Forward-looking organizations realize that the future of work will be about processes run by technology and supported by people (versus business processes executed by people and supported by technology as was the case in the past).

The new experience is for humans to work alongside robots that can amplify and augment the human strengths. Robots can meet the manual, repetitive, and other hand-coded tasks and knowledge, but they have not yet caught up when it comes to creative thinking, critical thinking, brainstorming, and empathy.

Creativity is arguably the most difficult human faculty to automate: robots are unlikely to be fully creative anytime soon.

Michael OsborneUniversity of Oxford

This is supported by Michael Osborne, an associate professor from the University of Oxford, who believes that “creativity is arguably the most difficult human faculty to automate: robots are unlikely to be fully creative anytime soon.” Robots are also limited when it comes to judgment calls, and business processes still have activities that have different handling procedures – tasks that are not ideal for automation.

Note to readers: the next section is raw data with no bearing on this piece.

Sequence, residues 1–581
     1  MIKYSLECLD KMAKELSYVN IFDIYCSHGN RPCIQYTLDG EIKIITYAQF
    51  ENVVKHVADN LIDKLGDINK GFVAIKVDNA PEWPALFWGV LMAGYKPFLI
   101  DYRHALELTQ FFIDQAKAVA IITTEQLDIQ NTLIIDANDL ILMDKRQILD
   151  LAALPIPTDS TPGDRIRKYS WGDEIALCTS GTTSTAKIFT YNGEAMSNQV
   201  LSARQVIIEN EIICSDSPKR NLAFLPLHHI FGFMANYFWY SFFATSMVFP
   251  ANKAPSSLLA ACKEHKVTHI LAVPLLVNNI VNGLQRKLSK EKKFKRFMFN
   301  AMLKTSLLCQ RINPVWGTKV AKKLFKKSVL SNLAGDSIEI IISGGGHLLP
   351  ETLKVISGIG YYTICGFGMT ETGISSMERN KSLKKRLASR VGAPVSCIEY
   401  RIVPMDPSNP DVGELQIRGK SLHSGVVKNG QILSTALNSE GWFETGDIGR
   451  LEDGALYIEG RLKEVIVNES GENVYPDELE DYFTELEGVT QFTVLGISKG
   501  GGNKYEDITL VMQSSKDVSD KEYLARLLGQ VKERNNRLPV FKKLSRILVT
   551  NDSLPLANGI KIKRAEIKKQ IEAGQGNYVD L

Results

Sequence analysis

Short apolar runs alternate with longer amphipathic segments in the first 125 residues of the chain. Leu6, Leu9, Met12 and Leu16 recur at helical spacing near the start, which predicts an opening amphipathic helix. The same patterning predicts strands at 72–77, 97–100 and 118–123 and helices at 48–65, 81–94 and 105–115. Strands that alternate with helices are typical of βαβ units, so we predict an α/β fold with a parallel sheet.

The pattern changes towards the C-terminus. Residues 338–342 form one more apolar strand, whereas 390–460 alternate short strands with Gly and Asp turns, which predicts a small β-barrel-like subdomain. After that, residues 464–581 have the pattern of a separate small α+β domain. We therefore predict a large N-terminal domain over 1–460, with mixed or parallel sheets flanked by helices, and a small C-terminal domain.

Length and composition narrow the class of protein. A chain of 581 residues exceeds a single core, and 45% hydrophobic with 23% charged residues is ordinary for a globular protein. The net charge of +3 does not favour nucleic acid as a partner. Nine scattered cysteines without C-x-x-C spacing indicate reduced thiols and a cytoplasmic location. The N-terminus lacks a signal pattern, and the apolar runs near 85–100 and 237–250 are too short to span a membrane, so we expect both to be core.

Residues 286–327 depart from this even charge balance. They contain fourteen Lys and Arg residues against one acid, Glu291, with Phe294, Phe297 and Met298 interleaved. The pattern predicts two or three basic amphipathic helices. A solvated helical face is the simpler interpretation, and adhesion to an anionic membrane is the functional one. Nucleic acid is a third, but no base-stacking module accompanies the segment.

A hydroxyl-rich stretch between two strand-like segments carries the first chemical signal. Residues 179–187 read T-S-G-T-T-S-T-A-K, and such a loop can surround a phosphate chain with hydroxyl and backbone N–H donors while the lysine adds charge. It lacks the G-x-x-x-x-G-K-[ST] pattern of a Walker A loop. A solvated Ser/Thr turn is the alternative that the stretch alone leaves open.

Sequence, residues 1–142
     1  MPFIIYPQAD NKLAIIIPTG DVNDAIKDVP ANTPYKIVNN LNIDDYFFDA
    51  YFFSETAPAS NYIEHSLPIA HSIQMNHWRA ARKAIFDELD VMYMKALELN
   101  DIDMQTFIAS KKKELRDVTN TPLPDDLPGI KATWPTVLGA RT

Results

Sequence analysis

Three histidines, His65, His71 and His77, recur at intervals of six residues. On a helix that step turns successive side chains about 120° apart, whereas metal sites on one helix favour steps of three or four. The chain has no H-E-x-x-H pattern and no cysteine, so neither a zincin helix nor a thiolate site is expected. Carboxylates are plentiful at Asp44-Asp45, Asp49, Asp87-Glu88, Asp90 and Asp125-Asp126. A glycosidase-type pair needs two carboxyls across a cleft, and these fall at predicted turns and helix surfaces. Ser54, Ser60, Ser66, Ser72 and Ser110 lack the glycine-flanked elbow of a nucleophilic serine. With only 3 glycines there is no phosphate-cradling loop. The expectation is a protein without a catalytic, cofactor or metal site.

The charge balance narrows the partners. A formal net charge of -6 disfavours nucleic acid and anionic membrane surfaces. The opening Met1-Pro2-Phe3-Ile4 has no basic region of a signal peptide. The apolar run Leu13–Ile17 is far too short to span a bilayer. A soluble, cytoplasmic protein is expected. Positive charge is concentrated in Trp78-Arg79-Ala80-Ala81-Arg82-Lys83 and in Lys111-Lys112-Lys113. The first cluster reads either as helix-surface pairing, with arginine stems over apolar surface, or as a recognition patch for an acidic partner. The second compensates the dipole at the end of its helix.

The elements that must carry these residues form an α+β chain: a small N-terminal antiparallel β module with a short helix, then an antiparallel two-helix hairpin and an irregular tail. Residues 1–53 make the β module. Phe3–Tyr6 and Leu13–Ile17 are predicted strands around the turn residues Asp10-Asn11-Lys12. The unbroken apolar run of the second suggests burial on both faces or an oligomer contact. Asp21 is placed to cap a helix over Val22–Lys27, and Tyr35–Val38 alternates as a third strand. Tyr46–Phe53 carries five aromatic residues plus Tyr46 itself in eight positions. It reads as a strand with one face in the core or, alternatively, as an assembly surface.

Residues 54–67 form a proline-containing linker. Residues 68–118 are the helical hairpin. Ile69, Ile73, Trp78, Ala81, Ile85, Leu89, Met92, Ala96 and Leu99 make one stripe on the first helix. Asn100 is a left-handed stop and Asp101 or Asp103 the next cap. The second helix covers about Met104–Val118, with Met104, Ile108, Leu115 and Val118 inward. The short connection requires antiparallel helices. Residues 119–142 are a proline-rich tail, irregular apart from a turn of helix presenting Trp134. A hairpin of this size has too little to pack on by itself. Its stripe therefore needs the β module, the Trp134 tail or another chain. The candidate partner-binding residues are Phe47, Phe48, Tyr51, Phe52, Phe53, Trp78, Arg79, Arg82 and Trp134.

As robots, automation, and new technology continue to increase their presence in the workplace, so does the need for people to support the processes run by technology. The discussion should no longer be about ‘humans versus robots’ but ‘humans and robots’.

Back to the canvas, when are robots and humans strongest as a team?

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James Redmond Chua

James Redmond Chua

Executive Project Manager, JCE Japan Creative Enterprise